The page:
At the same time as I was organising these workshops I was invited by Grenselandet LARP festival in Oslo to run ‘Katabasis’, a Live Action Roleplay I have designed and run with collaborators Francis Patrick Brady and Susan Ploetz. ‘Katabasis’ follows the structure of the Nordic Larp tradition. It starts with a 2hr workshop to familiarise the players with the communication methods (the game is non-verbal), space and interactions that are the structure of the game. They then play out a narrative (not pre-planned) for about 2 hours and spend the last half hour debriefing. Debriefing is an important way to bring players back from their fictional character and the collective magic circle they have created.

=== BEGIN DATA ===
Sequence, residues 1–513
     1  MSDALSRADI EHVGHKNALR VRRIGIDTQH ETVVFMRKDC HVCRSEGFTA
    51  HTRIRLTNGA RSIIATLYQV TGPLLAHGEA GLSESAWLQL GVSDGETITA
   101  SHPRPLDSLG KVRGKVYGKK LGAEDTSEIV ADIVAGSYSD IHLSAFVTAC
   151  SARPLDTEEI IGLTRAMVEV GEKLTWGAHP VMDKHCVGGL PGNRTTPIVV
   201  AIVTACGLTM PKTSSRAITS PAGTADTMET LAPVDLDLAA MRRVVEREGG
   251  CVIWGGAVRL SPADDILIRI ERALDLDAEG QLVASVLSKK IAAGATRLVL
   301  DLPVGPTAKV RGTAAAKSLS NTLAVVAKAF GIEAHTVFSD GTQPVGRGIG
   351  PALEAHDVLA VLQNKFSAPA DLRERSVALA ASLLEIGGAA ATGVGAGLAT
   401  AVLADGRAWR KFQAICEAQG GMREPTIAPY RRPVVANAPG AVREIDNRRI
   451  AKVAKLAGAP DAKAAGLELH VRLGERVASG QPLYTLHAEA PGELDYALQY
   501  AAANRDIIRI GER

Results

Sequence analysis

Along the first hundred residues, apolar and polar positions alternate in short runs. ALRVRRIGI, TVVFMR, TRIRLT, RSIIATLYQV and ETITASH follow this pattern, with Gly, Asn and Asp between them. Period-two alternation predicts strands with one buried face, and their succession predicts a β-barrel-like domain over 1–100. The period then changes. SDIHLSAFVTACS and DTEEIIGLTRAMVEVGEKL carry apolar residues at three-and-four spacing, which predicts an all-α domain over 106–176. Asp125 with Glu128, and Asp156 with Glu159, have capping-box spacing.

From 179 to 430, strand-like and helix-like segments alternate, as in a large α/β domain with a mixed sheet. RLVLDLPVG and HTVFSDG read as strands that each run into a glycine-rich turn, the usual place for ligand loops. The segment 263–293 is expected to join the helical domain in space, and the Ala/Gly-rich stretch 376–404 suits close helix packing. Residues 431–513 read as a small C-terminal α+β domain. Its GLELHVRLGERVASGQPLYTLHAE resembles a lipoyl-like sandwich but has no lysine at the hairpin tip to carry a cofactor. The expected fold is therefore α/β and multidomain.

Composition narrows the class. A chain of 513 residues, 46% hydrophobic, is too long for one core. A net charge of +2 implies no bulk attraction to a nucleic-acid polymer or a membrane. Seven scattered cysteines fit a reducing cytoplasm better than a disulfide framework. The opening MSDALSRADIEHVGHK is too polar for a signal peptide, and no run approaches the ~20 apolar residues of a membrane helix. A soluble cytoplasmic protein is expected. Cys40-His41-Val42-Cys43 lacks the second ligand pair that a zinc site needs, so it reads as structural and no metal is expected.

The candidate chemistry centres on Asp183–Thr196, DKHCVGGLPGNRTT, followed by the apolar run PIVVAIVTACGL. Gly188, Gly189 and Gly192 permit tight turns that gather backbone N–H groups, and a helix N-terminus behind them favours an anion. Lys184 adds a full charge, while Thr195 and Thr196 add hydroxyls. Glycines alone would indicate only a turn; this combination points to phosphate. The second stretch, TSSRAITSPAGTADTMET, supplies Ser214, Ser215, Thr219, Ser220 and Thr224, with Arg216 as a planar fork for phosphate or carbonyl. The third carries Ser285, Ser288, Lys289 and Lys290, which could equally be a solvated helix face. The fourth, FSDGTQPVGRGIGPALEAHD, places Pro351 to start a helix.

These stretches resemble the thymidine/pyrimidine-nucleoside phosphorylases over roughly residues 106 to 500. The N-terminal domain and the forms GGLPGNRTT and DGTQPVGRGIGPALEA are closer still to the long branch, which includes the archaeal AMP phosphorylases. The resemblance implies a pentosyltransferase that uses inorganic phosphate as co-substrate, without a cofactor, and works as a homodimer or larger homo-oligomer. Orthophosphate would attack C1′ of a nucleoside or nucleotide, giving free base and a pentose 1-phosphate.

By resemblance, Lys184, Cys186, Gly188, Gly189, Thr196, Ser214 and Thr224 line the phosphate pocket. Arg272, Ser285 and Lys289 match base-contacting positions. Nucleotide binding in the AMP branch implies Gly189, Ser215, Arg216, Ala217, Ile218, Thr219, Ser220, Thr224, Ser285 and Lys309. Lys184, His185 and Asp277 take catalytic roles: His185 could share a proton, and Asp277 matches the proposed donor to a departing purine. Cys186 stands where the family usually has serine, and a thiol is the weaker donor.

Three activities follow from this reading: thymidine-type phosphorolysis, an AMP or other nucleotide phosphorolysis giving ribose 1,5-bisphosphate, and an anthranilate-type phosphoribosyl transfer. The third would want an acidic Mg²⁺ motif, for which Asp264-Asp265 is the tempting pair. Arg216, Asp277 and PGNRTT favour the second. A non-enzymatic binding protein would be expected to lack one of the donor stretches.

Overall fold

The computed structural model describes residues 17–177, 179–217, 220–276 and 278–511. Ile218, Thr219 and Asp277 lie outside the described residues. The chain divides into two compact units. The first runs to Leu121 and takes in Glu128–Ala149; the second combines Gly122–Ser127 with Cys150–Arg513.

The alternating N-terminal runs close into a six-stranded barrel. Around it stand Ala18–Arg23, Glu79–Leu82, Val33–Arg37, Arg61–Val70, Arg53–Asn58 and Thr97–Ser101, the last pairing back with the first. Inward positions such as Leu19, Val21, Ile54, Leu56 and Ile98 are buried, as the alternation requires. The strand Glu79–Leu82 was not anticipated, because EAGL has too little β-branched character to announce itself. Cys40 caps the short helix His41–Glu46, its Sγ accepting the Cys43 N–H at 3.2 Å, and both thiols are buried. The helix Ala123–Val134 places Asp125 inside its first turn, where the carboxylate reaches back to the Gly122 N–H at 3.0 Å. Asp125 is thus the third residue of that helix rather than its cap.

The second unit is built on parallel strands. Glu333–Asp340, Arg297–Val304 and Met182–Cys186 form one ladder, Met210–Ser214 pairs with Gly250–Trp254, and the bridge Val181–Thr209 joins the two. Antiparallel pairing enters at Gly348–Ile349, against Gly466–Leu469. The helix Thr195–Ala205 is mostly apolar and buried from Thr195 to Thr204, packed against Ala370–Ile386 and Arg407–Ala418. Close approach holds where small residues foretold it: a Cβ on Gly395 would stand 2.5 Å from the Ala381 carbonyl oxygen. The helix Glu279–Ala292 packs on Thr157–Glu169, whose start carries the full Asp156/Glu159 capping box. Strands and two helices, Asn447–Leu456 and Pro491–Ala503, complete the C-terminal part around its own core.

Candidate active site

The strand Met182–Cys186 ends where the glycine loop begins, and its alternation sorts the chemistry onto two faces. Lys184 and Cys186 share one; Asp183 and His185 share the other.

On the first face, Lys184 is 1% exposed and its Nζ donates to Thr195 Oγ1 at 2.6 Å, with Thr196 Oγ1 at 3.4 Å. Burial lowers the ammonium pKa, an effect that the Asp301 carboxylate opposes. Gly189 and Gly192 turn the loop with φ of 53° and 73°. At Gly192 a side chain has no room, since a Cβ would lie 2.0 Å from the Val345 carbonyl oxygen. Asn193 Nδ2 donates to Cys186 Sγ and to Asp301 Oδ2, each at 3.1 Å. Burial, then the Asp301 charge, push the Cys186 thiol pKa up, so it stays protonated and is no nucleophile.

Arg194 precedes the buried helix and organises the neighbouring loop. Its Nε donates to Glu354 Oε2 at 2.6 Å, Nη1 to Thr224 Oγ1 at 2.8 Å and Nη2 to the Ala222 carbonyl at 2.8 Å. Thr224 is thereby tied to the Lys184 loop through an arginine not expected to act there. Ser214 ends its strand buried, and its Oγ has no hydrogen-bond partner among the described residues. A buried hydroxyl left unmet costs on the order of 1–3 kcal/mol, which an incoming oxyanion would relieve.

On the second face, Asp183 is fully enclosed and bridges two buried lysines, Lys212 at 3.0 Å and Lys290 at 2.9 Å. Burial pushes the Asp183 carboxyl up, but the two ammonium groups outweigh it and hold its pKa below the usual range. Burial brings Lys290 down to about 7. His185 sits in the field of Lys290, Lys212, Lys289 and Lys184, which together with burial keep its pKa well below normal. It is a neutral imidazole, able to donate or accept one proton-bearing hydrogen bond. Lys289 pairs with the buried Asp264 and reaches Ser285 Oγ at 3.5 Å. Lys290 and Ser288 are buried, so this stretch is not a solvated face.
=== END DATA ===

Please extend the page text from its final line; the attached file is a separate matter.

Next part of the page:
Designing ‘Katabasis’ (the name references the journey to the underworld) was very much an experiment in using the associations of the subterranean as a location within which to explore culture building in groups. ‘Katabasis’ is a Black Box Larp, meaning that it takes place in a simple room with minimal scenography, props or costume. In our latest runs of the Larp we experimented with using string to demarcate cave tunnels, entrances and caverns in game. Players are essentially asked to suspend disbelief in regards to the scenography but still have to bend, crawl and wind their way through the space. This embodiment of the cave space seems to strengthen players’ experience and I am curious as to if a purely screen-based or “mind-based” experience can do the same.